- Jeff McQuillan is noteworthy not only for his work as a professor of language education but also for his podcast and blog, which might be easier to digest than his academic papers.
Pablo from the Dreaming Spanish YouTube channel also does a great job explaining input and some of the research behind it in this video. It’s in Spanish, but there are English subtitles.
Comprehensible input strategies for language learning
There are countless ways to incorporate comprehensible input into whatever language learning routine — or non-routine — works best for you.
This section outlines a few tips for learning with comprehensible input and provides recommendations for resources that can help you learn faster (and less painfully).
If you’re curious how I use input, you can read my story of how I learned German and how I aced the B2 Goethe exam mostly without “studying." I also wrote up a free tips sheet to help you get started with input if you’re feeling stuck.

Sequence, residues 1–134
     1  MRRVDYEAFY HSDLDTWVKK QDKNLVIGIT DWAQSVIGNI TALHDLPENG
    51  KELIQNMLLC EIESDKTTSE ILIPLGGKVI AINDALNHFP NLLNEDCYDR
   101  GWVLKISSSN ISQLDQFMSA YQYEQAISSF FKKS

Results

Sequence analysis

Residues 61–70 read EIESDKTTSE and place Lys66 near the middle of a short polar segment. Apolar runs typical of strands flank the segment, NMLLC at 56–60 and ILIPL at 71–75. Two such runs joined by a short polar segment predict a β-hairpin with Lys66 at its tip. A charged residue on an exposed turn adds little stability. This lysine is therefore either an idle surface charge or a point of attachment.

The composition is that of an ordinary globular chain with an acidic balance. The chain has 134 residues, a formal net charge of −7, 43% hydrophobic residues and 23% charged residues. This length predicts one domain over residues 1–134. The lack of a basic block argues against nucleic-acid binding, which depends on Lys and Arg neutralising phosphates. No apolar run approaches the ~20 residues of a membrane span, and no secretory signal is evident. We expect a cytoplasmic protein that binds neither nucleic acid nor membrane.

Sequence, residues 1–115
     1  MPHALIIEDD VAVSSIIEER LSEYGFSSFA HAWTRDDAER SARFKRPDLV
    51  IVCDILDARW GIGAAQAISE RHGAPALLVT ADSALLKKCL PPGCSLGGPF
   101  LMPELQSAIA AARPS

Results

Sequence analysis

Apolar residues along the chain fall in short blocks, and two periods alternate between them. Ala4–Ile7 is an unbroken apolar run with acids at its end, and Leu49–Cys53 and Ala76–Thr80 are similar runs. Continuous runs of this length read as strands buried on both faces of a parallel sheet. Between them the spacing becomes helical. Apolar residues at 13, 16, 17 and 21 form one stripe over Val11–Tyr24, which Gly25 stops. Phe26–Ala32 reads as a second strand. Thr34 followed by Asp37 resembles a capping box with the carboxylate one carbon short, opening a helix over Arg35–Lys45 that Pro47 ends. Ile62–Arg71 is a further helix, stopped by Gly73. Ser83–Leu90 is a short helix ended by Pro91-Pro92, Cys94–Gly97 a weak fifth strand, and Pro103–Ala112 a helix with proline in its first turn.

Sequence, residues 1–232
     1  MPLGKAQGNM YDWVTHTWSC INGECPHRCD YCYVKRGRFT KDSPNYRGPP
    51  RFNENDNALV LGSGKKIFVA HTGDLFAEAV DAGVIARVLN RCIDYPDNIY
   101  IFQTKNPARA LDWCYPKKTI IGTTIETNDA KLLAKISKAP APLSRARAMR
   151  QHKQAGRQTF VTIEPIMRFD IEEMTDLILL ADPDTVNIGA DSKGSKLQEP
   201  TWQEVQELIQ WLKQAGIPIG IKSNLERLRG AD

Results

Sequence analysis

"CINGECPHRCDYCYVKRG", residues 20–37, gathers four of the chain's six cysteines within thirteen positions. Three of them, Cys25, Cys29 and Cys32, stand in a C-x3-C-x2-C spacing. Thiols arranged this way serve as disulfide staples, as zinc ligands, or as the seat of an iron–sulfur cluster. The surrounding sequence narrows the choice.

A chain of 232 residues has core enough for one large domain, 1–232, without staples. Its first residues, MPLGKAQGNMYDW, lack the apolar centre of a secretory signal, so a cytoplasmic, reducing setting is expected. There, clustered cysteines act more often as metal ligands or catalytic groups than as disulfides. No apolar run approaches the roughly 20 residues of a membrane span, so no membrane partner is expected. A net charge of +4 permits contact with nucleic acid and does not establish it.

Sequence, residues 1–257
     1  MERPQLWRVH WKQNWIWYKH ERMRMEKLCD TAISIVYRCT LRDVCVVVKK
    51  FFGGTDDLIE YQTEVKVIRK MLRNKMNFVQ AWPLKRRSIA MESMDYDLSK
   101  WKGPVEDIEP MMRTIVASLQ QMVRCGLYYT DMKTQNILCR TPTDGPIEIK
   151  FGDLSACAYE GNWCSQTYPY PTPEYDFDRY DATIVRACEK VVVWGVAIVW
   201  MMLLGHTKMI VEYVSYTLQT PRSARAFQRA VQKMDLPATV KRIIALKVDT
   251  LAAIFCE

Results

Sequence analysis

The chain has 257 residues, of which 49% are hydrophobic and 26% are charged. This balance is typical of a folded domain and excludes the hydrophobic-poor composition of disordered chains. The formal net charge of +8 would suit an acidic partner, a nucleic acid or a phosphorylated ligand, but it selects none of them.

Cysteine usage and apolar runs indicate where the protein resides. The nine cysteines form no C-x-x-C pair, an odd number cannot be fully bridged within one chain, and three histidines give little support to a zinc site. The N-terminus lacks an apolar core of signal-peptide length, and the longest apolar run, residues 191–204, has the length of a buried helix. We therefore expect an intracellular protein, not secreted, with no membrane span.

Switch your media diet to your target language
Your progress with comprehensible input depends on two variables: the quality of the input (see the Optimal Input hypothesis above) and the volume of the input.
So switch over as much of your media diet to your target language as possible. Watch dubs of your favorite shows if necessary. Listen to music in your target language. Read newspapers in your target language. Whatever media you like in your native language, find its counterparts in your target language.